26 February 2016
This is part of a new series of posts that highlight the importance of Earth and space science data and its contributions to society. Posts in this series showcase data facilities and data scientists; explain how Earth and space science data is collected, managed and used; explore what this data tells us about the planet; and delve into the challenges and issues involved in managing and using data. This series is intended to demystify Earth and space science data, and share how this data shapes our understanding of the world.
The popular science storytelling event Ignite@AGU returned to the 2015 American Geophysical Union (AGU) Fall Meeting in San Francisco, CA last December. Sponsored by the NASA Applied Sciences Program and held in partnership with the Federation of Earth Science Information Partners (ESIP) and AGU’s Earth and Space Science Informatics (ESSI) Focus Group, the event featured 13 scientists sharing ideas and stories that made the audience laugh, cry and better understand our world.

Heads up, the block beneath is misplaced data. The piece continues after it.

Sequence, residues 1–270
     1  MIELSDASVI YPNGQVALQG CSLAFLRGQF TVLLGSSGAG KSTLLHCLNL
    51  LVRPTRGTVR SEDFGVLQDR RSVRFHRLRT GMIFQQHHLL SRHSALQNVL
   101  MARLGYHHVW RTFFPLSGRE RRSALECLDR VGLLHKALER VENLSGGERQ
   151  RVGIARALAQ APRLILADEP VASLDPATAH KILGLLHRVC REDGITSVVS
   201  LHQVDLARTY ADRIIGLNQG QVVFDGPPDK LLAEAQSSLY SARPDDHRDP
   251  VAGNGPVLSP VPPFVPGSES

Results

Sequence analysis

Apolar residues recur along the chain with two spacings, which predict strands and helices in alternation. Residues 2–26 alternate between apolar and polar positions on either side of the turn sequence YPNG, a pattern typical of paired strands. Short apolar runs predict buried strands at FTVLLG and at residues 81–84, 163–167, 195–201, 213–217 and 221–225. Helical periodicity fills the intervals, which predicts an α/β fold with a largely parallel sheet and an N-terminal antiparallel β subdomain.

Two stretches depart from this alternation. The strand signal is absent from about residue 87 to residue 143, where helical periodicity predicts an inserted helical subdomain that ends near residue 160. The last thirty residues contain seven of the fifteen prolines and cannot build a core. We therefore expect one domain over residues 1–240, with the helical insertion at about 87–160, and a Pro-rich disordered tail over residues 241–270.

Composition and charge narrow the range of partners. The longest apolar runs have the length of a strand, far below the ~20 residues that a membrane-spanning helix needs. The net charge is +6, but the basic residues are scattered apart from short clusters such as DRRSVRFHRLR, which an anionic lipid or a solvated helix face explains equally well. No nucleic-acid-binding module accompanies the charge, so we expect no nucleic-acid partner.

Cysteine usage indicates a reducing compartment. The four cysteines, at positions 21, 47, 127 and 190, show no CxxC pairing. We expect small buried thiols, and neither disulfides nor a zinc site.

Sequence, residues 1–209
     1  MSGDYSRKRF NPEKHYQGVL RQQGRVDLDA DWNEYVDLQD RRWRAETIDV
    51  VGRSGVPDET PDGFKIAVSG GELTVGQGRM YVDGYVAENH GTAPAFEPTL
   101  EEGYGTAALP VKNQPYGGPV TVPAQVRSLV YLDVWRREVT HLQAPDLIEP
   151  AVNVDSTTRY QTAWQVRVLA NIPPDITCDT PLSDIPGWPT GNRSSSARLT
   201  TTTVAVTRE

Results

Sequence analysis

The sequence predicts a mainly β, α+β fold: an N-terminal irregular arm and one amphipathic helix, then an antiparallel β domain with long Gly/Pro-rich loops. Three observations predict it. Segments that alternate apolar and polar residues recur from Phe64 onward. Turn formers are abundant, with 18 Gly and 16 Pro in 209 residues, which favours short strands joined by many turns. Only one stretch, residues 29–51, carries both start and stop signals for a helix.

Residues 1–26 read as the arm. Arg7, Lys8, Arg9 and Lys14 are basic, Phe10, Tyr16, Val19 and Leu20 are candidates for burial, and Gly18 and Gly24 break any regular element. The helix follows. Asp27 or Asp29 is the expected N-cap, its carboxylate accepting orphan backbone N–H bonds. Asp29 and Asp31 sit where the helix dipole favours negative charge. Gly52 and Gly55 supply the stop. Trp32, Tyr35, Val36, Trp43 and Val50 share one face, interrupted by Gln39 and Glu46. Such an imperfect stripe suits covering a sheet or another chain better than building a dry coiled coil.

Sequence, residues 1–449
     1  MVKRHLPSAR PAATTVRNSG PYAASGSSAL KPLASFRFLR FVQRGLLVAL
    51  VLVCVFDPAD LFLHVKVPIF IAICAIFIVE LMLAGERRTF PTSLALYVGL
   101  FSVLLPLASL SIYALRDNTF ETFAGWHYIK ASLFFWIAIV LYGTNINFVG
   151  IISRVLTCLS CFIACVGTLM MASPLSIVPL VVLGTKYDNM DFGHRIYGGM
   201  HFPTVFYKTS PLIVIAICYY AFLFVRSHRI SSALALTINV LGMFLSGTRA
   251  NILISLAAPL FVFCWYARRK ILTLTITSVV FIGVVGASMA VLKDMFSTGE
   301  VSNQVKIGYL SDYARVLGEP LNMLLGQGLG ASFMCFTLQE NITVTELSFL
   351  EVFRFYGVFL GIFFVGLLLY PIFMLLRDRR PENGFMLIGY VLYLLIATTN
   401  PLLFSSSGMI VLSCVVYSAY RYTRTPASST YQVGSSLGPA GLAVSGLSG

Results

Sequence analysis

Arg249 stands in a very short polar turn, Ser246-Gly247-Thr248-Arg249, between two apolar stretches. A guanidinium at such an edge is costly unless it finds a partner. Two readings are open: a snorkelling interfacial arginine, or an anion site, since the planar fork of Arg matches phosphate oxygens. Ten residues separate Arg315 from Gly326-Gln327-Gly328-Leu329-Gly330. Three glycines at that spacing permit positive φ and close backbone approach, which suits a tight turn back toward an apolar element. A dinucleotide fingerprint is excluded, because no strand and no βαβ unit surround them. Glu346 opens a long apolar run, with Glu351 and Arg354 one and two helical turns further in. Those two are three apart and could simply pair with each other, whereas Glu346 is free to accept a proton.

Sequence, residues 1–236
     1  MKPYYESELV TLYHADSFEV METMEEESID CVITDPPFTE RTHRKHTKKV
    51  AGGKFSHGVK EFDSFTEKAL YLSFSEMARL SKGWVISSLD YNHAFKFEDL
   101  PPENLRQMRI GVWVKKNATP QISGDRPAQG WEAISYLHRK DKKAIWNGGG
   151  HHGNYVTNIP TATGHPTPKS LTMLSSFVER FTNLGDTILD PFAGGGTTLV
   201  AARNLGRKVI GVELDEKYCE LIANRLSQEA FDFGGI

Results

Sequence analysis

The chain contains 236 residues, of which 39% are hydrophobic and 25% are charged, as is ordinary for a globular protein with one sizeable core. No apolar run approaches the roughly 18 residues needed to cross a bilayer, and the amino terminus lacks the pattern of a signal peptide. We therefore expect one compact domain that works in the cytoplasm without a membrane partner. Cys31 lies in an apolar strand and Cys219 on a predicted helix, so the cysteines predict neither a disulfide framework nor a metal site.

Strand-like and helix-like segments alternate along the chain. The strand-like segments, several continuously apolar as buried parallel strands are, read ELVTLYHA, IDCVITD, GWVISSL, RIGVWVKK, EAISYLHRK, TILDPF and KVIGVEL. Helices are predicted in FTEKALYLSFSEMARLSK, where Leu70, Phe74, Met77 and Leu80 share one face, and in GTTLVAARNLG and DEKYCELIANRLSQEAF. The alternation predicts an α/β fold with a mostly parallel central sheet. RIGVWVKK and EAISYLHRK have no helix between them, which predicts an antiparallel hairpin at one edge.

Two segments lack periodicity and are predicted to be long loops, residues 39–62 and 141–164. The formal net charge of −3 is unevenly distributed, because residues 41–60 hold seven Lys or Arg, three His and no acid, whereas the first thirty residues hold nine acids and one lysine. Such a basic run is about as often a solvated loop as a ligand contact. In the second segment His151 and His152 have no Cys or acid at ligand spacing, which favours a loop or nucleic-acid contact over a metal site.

Ignite talks are not traditional scientific conference talks—speakers pack humor, creativity and inspiration into fast-moving, five-minute presentations. The 2015 talks cover a variety of science topics, from the impact of climate change on residents of Greenland to measuring lakes from space using the Lake Level Automated Monitoring Algorithm (LLAMA) developed by researchers at NASA’s Ames Research Center.
— Rebecca Fowler is a science communicator and the Director of Communications and Outreach at the Federation of Earth Science Information Partners (ESIP).